Doctors at the American Medical Association debated their next steps in the war against smoking, weighing suggestions to oppose smokeless cigarettes, clove cigarettes and smoking on all airline flights.

Discussing the reports and resolutions in several committee meetings at the AMA's annual policy-setting meeting, there was little argument by doctors against most of the anti-tobacco ideas."The war is not over," said Dr. Alvin Smith of Ormond Beach, Fla. "We still have enormous battles with the tobacco industry."

One issue that drew some opposition was a report by AMA trustees urging re-affirmation of the doctors' earlier call for doubling the tax on a pack of cigarettes and using the money to pay for Medicare and Medicaid. The report also affirmed a call for ending government subsidies for tobacco growers.

It cited government figures showing 1985 health care costs for treating smoking-related illness amounted to about $22 billion and productivity losses due to smoking-related illness were about $43 billion. The report said there was little value in further efforts to document the costs of smoking.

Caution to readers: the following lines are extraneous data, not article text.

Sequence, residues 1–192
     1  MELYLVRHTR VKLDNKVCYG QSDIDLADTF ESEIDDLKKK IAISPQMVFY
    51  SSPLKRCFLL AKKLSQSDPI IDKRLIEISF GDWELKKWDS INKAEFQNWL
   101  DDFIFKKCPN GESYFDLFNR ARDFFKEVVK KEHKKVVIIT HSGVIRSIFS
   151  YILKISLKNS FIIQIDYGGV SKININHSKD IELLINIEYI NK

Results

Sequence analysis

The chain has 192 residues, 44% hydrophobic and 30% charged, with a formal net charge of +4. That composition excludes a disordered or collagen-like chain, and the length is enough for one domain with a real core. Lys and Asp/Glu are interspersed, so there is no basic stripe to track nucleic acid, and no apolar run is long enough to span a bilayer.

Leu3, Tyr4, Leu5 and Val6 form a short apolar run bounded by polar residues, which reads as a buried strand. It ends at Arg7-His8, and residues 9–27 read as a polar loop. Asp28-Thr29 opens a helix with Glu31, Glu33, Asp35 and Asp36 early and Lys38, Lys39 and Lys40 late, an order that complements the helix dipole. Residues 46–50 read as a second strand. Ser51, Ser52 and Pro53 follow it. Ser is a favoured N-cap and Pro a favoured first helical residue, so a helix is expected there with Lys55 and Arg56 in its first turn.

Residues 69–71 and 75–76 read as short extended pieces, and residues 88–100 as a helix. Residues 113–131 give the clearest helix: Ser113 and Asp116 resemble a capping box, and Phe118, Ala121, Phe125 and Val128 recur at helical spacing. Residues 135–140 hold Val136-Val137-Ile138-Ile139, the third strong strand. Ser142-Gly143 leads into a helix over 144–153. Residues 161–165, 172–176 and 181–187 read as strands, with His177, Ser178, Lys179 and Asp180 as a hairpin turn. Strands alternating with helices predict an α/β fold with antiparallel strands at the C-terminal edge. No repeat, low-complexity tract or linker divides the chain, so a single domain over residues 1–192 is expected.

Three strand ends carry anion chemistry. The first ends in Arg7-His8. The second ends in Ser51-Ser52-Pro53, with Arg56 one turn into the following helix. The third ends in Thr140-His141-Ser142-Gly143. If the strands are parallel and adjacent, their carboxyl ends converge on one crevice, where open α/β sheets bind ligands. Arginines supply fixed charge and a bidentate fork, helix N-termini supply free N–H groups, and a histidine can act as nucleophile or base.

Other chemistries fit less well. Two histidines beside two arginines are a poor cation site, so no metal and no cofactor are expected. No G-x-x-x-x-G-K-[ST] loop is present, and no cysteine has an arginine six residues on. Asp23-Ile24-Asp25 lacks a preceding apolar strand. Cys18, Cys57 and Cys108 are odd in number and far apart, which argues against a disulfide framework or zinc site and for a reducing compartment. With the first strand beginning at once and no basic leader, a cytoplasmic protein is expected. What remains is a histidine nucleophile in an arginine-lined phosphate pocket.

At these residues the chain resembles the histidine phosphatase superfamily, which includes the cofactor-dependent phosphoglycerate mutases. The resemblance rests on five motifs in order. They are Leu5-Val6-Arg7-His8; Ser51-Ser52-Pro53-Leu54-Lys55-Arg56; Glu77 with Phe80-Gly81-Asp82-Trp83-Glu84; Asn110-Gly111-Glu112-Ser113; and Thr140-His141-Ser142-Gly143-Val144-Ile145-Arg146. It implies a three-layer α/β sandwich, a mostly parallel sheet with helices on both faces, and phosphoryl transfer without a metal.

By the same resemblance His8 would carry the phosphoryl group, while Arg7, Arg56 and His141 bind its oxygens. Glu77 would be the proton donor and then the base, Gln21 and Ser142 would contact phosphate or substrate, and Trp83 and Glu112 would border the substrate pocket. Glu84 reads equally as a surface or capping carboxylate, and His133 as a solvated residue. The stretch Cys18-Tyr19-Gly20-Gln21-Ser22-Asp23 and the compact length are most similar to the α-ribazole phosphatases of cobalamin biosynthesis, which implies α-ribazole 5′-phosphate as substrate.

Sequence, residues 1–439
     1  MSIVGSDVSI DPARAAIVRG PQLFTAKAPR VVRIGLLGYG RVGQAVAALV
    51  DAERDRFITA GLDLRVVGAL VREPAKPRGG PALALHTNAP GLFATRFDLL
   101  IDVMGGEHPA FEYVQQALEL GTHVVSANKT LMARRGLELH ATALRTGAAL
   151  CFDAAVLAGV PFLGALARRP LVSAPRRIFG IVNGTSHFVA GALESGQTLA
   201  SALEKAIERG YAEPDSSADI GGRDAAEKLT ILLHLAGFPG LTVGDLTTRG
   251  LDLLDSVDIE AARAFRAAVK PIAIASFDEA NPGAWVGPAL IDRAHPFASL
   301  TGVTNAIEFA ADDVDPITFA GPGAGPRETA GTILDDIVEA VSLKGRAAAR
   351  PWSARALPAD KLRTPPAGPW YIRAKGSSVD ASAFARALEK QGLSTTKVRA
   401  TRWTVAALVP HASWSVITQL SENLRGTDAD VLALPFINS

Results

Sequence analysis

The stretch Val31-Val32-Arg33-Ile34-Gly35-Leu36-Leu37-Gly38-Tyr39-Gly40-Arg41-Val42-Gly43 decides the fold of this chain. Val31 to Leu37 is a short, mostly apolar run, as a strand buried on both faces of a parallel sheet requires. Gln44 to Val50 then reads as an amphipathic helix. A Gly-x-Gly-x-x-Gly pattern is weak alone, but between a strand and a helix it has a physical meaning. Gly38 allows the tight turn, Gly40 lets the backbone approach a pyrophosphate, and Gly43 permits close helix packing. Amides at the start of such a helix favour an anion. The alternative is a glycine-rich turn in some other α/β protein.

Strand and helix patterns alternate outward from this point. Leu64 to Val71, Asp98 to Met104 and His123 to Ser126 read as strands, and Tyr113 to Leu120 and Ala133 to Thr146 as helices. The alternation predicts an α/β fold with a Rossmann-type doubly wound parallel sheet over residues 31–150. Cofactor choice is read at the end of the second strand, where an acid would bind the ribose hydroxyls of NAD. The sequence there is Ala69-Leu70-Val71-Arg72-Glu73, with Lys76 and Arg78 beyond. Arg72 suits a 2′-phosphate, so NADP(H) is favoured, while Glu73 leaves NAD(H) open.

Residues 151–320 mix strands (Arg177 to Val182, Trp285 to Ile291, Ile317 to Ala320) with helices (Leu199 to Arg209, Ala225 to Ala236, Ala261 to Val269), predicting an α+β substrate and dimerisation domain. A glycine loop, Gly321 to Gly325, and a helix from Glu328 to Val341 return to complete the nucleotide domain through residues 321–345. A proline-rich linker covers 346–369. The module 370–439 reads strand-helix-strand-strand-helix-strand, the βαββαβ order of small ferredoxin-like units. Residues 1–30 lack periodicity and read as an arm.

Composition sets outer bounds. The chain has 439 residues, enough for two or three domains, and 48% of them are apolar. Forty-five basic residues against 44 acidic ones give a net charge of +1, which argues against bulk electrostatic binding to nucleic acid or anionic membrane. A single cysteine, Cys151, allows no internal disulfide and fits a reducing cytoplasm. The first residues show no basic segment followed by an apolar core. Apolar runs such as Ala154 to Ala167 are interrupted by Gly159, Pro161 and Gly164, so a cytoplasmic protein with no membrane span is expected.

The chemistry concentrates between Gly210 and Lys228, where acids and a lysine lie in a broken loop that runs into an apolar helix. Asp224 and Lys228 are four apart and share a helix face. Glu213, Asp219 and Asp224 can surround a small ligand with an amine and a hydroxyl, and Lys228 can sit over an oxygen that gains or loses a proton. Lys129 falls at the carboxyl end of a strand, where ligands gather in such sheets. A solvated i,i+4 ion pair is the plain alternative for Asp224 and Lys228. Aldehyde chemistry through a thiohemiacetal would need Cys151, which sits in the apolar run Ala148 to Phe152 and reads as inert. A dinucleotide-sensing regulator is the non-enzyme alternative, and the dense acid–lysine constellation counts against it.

Three doctors objected to the AMA spelling out how the federal government should spend the money from higher taxes on cigarettes. Dr. Arnold Breit of San Mateo, Calif., said he favors the intent of the resolutions, but opposes any "undue influence on other agencies that the AMA should not undertake at this time."

Another resolution urged requiring U.S. cigarrette makers to put foreign language health warnings on exported cigarettes. "This addresses one of the darker sides of American trade," said one doctor, who branded the tobacco industry as "one of the most aggressive, deceptive of all advertisers."

Another committee considered a resolution urging the AMA to "strongly object to the introduction of `smokeless' cigarrettes," that are under development by one manufacturer.

Smokeless cigarettes send heat through a flavor capsule, delivering carbon monoxide and nicotine - but probably less tar - into the lungs.